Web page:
DCM was invented because of theoretical concerns about the application of GCM to connectivity in the brain (see Box 2). However, following the publication of David et al. [1
], some of these conceptual issues are now empirical facts. This advance rests on an elegant study using multimodal techniques and a well-defined animal model of neuronal signal propagation and directed connections; namely a rat model of absence epilepsy with spontaneous spike and wave discharges. In brief, the authors were able to measure brain responses to sporadic epileptic events; both at their source (somatosensory cortex) and in connected brain regions. Critically, they measured both electrical and haemodynamic responses. This allowed them to infer the known connectivity using just the fMRI data (with DCM and GCM) and compare the estimates to the true connectivity based on electrophysiology. Furthermore, because they had a measure of the underlying neuronal (electrical) activity, they were able to assess regional variations in the haemodynamic response function that could confound GCM.
More specifically, David et al. recorded non-invasive EEG and fMRI signals during seizure activity and later recorded intracranial signals in the areas identified by the brain mapping. By recording both electrophysiological (neuronal) and fMRI (haemodynamic) responses, the authors were able to evaluate the haemodynamic response function empirically; in regions showing seizure-related responses. Critically, they found enormous differences between the haemodynamic response functions in different brain areas. The authors compared the results of DCM and GCM analyses of the fMRI data and showed that regional variation in the haemodynamic response function did indeed lead to different conclusions about the connectivity. They then went on to use the intracranial recordings to establish the face validity of the ensuing inferences. They did this by looking at the direction of neuronally mediated influences, in terms of delays and asymmetry in generalised synchronisation of these time-resolved measures. They were able to show that the driver of spike and wave discharges was correctly located in the somatosensory cortex when, and only when, haemodynamic effects were modelled appropriately by DCM.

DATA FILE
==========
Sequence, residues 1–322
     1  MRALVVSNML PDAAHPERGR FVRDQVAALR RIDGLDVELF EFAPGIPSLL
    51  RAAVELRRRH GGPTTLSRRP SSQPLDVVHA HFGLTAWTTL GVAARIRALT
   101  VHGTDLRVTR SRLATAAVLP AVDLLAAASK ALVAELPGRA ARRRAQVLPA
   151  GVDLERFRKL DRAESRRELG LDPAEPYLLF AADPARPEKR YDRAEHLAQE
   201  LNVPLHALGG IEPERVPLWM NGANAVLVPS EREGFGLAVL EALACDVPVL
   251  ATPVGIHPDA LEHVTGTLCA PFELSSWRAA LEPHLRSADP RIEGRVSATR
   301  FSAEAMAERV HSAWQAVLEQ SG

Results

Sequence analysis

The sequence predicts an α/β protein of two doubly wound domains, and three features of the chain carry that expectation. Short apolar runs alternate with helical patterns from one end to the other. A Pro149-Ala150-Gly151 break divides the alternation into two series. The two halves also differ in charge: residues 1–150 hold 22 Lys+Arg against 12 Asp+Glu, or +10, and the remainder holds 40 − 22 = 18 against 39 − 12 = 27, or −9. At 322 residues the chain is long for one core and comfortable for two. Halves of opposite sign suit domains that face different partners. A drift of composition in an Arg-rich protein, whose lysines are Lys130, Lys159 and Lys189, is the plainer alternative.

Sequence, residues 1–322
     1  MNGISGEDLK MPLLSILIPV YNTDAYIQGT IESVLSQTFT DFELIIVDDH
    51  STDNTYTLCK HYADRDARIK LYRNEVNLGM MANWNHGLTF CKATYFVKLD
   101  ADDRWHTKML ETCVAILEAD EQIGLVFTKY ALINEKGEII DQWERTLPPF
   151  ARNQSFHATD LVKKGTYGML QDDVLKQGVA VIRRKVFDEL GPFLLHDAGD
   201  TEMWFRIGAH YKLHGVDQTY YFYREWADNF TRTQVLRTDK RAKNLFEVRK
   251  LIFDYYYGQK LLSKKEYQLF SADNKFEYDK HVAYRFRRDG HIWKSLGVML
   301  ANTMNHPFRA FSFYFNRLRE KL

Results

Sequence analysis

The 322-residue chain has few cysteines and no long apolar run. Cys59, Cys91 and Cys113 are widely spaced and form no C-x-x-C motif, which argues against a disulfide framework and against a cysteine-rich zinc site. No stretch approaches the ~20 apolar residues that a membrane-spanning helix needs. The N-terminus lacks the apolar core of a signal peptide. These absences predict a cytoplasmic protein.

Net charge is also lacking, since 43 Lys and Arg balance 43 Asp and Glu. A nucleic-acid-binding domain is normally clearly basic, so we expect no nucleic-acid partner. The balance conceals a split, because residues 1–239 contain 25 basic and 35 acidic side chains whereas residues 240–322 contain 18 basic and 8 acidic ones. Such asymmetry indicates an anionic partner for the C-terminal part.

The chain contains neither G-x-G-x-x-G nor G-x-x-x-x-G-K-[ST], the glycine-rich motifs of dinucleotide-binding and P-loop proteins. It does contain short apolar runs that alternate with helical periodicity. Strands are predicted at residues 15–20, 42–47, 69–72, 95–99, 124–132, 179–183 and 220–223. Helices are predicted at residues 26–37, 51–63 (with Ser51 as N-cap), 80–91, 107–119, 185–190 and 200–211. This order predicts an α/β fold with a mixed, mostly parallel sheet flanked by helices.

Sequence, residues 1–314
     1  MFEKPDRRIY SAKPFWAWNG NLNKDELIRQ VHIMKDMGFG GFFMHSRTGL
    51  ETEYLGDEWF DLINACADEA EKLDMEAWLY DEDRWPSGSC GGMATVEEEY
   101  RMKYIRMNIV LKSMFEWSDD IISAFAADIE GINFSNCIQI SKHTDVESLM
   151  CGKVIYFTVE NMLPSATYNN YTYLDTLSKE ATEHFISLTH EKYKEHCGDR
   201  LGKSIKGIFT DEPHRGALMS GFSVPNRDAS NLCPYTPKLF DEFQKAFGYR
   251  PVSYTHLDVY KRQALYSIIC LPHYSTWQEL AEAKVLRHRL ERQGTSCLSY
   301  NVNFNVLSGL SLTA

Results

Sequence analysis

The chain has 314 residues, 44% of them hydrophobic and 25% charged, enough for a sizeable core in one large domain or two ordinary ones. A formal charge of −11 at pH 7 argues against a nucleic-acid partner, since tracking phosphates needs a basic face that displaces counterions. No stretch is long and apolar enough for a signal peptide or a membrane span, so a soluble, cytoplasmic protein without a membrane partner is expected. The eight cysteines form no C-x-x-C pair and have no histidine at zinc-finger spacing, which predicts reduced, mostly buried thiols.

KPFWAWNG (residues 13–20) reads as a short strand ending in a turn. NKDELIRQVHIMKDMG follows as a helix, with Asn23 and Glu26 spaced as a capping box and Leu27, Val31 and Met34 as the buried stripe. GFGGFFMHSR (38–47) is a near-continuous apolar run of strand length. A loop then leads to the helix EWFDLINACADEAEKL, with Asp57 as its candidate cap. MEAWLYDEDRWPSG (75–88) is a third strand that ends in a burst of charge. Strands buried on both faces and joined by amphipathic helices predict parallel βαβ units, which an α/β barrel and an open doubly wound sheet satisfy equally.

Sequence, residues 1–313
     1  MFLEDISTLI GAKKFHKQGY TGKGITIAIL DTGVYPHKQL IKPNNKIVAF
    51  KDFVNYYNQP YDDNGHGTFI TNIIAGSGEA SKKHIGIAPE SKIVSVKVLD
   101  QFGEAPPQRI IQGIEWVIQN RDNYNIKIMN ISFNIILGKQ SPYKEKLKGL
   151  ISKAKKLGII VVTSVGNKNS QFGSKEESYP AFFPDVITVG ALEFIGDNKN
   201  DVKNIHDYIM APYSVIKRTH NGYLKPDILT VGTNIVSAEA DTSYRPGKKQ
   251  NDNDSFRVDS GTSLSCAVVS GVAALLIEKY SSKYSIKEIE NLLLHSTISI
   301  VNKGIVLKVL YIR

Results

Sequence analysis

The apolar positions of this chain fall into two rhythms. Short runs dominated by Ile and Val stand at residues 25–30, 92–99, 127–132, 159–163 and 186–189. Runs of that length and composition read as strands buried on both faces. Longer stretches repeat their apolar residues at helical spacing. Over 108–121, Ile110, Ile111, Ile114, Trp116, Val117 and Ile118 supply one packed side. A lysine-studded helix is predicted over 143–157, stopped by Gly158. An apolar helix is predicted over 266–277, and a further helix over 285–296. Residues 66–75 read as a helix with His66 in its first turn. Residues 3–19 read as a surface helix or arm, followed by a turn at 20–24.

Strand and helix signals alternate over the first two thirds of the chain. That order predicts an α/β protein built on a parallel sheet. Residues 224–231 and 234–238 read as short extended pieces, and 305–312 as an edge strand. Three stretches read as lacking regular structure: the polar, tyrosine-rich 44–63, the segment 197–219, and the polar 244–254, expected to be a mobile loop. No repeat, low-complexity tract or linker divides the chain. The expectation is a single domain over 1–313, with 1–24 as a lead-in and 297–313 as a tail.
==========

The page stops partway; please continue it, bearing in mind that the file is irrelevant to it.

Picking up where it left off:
This study highlights a key conceptual difference between DCM and GCM (see ): namely, that DCM has an explicit model of hidden states causing observed data; whereas GCM tries to establish dependencies among the observations themselves. This is fine when the brain states that cause each other are observed directly (EEG), but not when the data are some post hoc consequence of these states (fMRI). David et al. illustrate this point by applying GCM to the fMRI data and then to the implicit neuronal activity. They show that the inferences are very different and that only GCM of implicit neuronal states gives sensible results. David et al. were able to do this because they had direct (EEG) measures that enabled then to undo (deconvolve) the haemodynamic effects and convert the fMRI data into a surrogate for neuronal states (using region-specific dynamic causal models and spike-wave inputs). In real-world fMRI applications, however, this would not be possible because one does not know the underlying neuronal activity. This is no problem for DCM because it assumes hidden neuronal states and models the haemodynamic convolution in each region explicitly.